Hosea 11: 1-11

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  • Youthful Idealism: Receiving the Past, Giving the Future

    by John Auer
    There’s a poem by Meg Jeffers called “Ordnance” that says life today is like a bomb in each one of our gardens. It is like Jesus warning us here that we never know just how and when and for what our souls are required of us. We would like to think that we can build up sufficient wealth and well-being, property and possession in this world. We would like to buy safety and security from the world -- so that our souls can just play and make merry each day. But there is a bomb in our garden, and it is not going away of its own volition. The poem says, There is a bomb in my garden. I know I should call someone but imagine the hubbub: men in mackintoshes leaving boot prints in the peas, their heels pasted with scraps of tender lettuce, and I would be shunted off, barred from my home while other muck about in what is mine. No, I think I will let it be. Clean the exposed parts; buff it up, perhaps. Build a gazebo; plant roses. Listen to it tick. Listen to it tick. That’s Jesus and this story applied to each one of our souls and to the soul of the world. Listen to it tick!...
  • Be So Heavenly Minded You Are of Earthy Use

    by Jill Friebel
    ("There was a woman who wanted peace in the world and peace in her heart and all sorts of good things, but she was very frustrated. The world seemed to be falling apart. She would read the papers and get depressed. One day she decided to go shopping, and she went into a mall and picked a store at random. She walked in and was surprised to see Jesus behind the counter...")
  • Proper 13C (2010)

    by Scott Hoezee
    ("In recent years a number of books have been published that attempt to do something that probably no one would have dared to try a couple of generations ago: namely, write biographies about God. Several of these, including Jack Miles' book, God: A Biography, treat God as a literary character who develops, grows, matures, and changes over time...")
  • Hosea: The Coronation Street of Ancient Israel

    by Dawn Hutchings
    I was born in 1957, and Coronation Street began airing in the UK back in 1961. We moved around a lot when I was growing up. Over the years the various characters have been my companions wherever I have lived. People have come and gone in my life but the characters of Coronation Street have remained constant. One of the enduring qualities of Coronation Street has always been the believability of the characters on the street. Unlike American soap operas whose characters are drawn from the rich and beautiful, Corrie’s characters come in all shapes and sizes and are real, down to earth characters that most of us can recognize from our daily lives.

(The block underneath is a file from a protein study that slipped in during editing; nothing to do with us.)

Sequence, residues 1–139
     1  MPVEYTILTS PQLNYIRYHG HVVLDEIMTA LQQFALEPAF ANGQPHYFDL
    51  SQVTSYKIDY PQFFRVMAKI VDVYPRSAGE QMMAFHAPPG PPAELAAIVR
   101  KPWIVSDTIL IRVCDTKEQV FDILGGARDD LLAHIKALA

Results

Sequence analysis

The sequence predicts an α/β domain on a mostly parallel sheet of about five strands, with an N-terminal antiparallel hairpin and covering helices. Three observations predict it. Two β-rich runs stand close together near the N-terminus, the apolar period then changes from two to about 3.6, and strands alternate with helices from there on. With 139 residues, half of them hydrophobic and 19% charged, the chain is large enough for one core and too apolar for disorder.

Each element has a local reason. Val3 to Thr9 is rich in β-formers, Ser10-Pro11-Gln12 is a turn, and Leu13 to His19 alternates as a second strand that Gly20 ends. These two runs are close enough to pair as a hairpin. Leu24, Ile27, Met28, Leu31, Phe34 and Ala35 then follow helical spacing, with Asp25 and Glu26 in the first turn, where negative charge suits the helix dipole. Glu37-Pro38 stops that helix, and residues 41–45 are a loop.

• Ephraim Is Walking!

    Art and Faith by Lynn Miller
    The baby is walking! The first steps of any child are both amazing and precious. There are a number of starts and stops, timid beginnings, interrupted progress. Then, finally, a child lets go of what has steadied them - often the hand of an adult - and careens into the big, wide world. But adults who have loaned hands and fingers to steady a child never really let go. They remember how it was for the child to depend on them. God knows how that feels: It was I who taught Ephraim to walk. In Picasso's painting here, the mother stands behind the child, holding the child's hands and allowing the child the full view of the world out front. The child is staring with wide-open eyes at the world, while the mother has eyes only for the child. Dressed in light-colored clothing, the child visually advances in the painting while the mother, dressed in neutrals that are much the same value as the background, recedes. This child, created in the context of World War II (1943), is setting out into an uncertain world...
  • Being Rich Toward God

    by Michael Phillips
    ("I recalled a time from my youth the other day, when I was a farm hand in Indiana. I drove a disk behind the plow to smooth out the fields for planting, and helped to care for some of the stock. The farmer was a friend of mine, and one day, we went to pick up some paint from another farm to do the inside trim on his house...")

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